In the case of the supports, these were custom-made pieces by local potters to decorate the prosperous houses of the Almohad period, as their recovery in archaeological contexts is very limited to Murcia, Écija, and Lorca. Therefore, without excluding the possibility that they were acquired through the trade contacts accessible to the house owner, it doesn’t seem far-fetched to consider the possibility that they were part of the belongings of a Jewish family originally from southern Spain, perhaps from the city of Murcia, who relocated to La Cuirassa in Lleida in the mid-13th century.”
Descriptive text of the most important pieces recovered, prepared by the Municipal Archaeologist of the Paeria de Lleida, Xavier Payà.
“… As for the large jar and the Andalusian-style architectural model support found within the burnt house in La Cuirassa, we can say that a 3D reproduction of this unique ensemble has been successfully achieved. The architectural model support had already been restored in 2017, and the numerous fragments of the jar were individually cleaned throughout 2018. This digital reproduction has enabled the virtual assembly of the entire jar.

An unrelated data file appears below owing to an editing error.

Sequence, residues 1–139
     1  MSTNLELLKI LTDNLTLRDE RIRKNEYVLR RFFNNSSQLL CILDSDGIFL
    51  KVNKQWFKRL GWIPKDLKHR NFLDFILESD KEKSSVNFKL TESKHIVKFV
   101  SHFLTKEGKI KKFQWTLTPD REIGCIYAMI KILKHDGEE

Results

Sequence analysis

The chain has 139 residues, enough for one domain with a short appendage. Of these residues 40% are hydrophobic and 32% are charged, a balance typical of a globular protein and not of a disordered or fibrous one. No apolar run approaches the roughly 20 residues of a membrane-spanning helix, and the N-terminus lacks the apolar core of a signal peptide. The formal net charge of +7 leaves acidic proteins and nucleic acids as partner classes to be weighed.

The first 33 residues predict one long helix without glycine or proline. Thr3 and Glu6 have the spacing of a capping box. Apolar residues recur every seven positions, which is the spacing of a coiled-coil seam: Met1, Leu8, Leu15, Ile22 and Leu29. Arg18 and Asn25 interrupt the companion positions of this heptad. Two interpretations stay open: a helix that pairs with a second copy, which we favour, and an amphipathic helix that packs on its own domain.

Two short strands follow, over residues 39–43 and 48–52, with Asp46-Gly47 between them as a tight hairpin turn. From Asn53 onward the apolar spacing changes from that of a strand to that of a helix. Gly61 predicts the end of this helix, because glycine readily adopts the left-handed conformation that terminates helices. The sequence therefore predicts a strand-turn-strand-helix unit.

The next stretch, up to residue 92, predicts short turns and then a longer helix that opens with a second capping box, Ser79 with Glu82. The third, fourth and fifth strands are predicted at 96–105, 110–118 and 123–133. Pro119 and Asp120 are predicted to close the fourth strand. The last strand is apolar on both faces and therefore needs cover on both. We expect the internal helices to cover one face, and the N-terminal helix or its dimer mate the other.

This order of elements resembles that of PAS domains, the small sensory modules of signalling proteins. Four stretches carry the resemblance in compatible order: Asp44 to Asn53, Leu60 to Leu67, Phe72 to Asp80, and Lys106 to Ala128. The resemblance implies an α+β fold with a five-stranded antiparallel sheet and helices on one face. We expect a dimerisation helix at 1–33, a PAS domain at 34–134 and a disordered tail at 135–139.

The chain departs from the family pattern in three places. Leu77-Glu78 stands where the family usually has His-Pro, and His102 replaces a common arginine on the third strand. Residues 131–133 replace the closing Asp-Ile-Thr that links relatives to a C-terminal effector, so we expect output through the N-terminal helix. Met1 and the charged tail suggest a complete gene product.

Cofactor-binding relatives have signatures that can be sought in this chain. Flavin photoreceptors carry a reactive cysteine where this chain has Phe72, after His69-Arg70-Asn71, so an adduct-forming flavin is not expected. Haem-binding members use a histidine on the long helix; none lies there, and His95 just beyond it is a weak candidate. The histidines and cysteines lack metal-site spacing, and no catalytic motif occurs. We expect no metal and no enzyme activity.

Unfortunately, this is something that cannot be accomplished manually due to the fragility and deformation present in each of the fragments. The results obtained, aside from showcasing the beauty and form of this large vessel, will be of great utility in finding the best way to make the exhibition of this remarkable object possible.
This work was made possible thanks to Lluís Casademunt from the company Scan3D, and the archaeologist Joan Eusebi Garcia Biosca. Lluís was responsible for the scanning of both the support and each individual fragment of the jar, and subsequently, Joan digitally fitted all the jar fragments together to restore the original shape (see figure 4).”